BEIJING • China said yesterday that it has formally arrested two Canadians who have been de-tained for months on national security grounds, in a case that has inflamed tensions between Ottawa and Beijing.
Former diplomat Michael Kovrig is "suspected of collecting state secrets and intelligence", while businessman Michael Spavor is suspected of "stealing and illegally offering state secrets" abroad, Chinese Foreign Ministry spokesman Lu Kang said at a regular briefing.
Mr Lu said yesterday that the two were arrested recently, but did not provide a date, and added that he had no information about where they were being held.
In a statement to The Globe and Mail newspaper, the Canadian Foreign Ministry said that "Canada strongly condemns their arbitrary arrest as we condemned their arbitrary detention on Dec 10".
Though no link has been officially made, the detention of Mr Spavor and Mr Kovrig is thought to be in retaliation for Canada's decision on a US extradition request for Meng Wanzhou, a top executive of Chinese telecom giant Huawei who is accused of violating Iran sanctions.
The men were first accused of activities that "endanger China's security", a phrase often used by Beijing when alleging espionage.
Days after Meng's extradition was announced, China said it suspected Mr Kovrig, who works for the International Crisis Group think-tank, of spying and stealing state secrets, and alleged that Mr Spavor - who organised trips to North Korea - had provided him with intelligence.
Spying charges could expose them to tough prison sentences.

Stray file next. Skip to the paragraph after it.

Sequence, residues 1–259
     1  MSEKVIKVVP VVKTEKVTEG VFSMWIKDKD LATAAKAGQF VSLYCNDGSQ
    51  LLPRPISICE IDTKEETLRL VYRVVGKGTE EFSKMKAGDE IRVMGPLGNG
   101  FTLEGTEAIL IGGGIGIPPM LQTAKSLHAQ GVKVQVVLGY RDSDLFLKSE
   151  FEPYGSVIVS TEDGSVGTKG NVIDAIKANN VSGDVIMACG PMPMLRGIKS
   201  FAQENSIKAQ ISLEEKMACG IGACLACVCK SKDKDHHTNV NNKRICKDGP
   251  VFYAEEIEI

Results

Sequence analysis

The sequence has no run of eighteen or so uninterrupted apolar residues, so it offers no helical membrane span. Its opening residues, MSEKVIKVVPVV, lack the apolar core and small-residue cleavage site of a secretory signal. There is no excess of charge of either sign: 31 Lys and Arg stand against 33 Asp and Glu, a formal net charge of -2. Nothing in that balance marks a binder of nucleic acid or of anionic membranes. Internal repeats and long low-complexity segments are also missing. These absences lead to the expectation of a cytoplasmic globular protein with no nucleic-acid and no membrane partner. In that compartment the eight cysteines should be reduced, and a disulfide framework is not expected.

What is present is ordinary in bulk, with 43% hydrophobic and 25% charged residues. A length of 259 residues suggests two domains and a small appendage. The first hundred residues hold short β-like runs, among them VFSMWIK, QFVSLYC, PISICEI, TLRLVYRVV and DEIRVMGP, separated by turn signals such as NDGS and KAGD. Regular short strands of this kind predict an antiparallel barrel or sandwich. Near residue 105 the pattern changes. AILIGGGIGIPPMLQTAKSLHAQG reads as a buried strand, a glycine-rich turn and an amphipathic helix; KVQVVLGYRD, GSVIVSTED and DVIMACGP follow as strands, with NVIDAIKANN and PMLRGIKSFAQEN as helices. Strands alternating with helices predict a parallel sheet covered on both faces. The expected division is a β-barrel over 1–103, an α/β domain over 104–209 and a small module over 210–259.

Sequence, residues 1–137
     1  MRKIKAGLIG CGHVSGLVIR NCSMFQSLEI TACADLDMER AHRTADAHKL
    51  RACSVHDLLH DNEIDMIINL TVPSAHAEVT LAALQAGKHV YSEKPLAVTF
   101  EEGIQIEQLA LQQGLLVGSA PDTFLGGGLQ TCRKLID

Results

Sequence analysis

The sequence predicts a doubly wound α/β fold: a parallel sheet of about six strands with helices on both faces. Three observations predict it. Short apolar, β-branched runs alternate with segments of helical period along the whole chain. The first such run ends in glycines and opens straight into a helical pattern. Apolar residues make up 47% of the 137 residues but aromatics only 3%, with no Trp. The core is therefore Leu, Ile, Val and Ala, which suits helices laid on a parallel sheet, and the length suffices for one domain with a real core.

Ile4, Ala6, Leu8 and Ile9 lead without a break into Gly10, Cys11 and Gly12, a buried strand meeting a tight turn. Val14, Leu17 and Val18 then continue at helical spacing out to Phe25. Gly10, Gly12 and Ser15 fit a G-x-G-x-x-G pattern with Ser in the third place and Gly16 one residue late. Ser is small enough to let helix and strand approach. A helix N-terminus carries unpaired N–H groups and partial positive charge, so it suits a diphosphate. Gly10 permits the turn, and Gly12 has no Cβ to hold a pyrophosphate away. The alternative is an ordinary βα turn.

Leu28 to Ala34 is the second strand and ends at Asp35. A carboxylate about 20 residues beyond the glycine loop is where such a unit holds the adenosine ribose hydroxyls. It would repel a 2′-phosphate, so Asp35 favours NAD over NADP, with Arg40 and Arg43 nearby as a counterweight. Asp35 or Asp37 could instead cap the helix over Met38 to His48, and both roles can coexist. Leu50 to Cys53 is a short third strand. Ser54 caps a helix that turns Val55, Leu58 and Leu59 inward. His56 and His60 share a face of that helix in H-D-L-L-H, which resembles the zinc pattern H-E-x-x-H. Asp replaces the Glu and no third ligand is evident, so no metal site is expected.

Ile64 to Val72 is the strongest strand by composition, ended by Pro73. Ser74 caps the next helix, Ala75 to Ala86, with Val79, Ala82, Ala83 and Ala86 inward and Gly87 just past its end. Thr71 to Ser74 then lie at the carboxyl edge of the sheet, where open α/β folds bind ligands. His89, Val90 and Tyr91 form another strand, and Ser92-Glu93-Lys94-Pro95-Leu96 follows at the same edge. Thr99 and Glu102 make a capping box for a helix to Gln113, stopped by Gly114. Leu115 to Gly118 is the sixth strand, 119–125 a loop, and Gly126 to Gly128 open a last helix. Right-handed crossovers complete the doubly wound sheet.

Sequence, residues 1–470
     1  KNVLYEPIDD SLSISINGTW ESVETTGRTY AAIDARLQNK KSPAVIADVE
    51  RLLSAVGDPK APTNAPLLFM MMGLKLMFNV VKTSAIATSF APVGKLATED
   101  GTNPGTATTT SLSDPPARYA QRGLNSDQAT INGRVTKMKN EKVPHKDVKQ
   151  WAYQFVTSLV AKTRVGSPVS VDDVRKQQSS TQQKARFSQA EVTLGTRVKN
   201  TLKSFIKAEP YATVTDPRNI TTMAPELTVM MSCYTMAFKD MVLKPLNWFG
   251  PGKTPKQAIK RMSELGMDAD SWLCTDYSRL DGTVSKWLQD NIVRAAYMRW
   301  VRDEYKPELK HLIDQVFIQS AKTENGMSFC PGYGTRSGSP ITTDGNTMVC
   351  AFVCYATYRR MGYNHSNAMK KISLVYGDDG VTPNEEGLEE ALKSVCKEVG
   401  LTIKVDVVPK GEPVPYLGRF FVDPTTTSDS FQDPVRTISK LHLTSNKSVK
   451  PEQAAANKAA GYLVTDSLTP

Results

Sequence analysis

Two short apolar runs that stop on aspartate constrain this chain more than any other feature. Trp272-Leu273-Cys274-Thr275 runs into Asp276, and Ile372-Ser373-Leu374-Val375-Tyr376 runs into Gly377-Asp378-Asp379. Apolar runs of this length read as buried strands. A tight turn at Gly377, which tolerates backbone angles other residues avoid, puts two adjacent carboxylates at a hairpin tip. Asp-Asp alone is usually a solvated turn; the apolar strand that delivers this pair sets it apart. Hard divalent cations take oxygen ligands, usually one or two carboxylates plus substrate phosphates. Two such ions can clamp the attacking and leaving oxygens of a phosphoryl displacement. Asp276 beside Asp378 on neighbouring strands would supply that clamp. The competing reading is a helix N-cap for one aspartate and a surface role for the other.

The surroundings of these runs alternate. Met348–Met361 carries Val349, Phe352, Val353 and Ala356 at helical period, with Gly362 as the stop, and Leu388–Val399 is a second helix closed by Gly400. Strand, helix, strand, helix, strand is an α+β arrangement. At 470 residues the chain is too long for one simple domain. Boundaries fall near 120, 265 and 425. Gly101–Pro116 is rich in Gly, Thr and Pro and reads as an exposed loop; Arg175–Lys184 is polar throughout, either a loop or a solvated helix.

Both men have been denied access to lawyers and allowed only monthly consular visits. The latest such visit came earlier this week.
No details of the men's detention or health conditions were provided due to Canadian privacy laws, but officials said they would press for further access to both detainees.
Mr Lu said the "Chinese judicial authorities are handling the cases according to law", and that Mr Spavor and Mr Kovrig's "legitimate rights and interests are fully guaranteed".
A group of Canadian parliamentarians had earlier complained to Chinese officials that the two have been denied access to lawyers and remain in "completely unacceptable" detention conditions.
Meng is allowed to live in her Vancouver mansion, with limited mobility. She made her latest court appearance last week as she fights extradition to the US. She was ordered to wear an electronic anklet and hand over her passports after being released on bail in mid-December on a C$10 million (S$10.2 million) bond.
Meanwhile, two other Canadians convicted of drug trafficking have been sentenced to death. Canada has called the death penalties for Fen Wei and Robert Lloyd Schellenberg "cruel and inhumane".